Black Man Claims Financial institution Of America Refused To Money His Insurance coverage Verify
A black man in San Diego claims that a branch of Bank of America racially profiled him when he tried to cash an insurance check.
In January 2020, John Pittman III presented a $ 12,000 insurance check drawn to him in the Pacific Beach branch of Bank of America. reported KPBS. The bank manager then told him that she felt he was trying to steal money and that she had to call the police.
“I think this wouldn’t have happened if I wasn’t black,” said Pittman, a San Diego attorney.
Major insurance company’s check, GEICO, was placed on a Bank of America account and Pittman offered three forms of personal identification: his driver’s license, passport, and birth certificate. He also showed the GEICO papers.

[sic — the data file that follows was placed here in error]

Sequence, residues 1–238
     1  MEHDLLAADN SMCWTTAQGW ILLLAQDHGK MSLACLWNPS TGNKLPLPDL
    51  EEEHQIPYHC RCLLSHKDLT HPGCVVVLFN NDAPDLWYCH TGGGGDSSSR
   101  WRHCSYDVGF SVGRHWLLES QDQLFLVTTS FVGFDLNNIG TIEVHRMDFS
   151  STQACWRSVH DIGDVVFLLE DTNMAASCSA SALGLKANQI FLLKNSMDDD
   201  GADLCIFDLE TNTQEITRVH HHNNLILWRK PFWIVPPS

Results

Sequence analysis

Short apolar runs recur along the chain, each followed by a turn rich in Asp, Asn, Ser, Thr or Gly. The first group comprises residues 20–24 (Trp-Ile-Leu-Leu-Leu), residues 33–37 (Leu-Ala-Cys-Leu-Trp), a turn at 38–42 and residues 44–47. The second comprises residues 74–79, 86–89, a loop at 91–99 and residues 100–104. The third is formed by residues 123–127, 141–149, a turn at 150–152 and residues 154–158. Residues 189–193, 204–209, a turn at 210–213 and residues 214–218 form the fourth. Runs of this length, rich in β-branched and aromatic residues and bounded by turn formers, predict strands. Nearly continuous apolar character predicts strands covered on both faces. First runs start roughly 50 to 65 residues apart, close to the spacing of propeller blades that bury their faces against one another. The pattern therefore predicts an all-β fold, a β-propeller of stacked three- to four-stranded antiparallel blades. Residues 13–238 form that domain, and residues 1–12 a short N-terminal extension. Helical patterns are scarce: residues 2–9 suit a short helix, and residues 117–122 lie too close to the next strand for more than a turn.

An assistant manager reached out to Pittman and said they could not cash the check because the check did not have its suffix (III). However, all of his ID cards and GEICO papers contained his suffix.
The American banking system has a history of unrestrained racism and discriminatory practices, particularly against African Americans.
A black man in Michigan last year sued a local bank after they refused to redeem a settlement he ironically won on a discrimination lawsuit. In Atlanta, a black woman Experienced a similar situation in a Wells Fargo branch.
The tendency of banks to call the police makes this type of discrimination doubly angry; a situation that has no definite outcome when blacks are the target.
In Pittman’s case, after refusing to speak to a GEICO representative, the assistant manager left and called the authorities at the suggestion of the GEICO employee, who overheard key parts of the interaction.
Bill Hallidin, a spokesman for the bank, told KPBS that the staff followed the protocol because of the missing suffix.
“This is industry practice and is based on best practices to protect against potential fraud,” he said.
For Pittman and others like him, the sometimes arbitrary use of banking practices is still dehumanizing. The threat of police intervention against the need to get financial affairs done often leaves victims with no real remedy.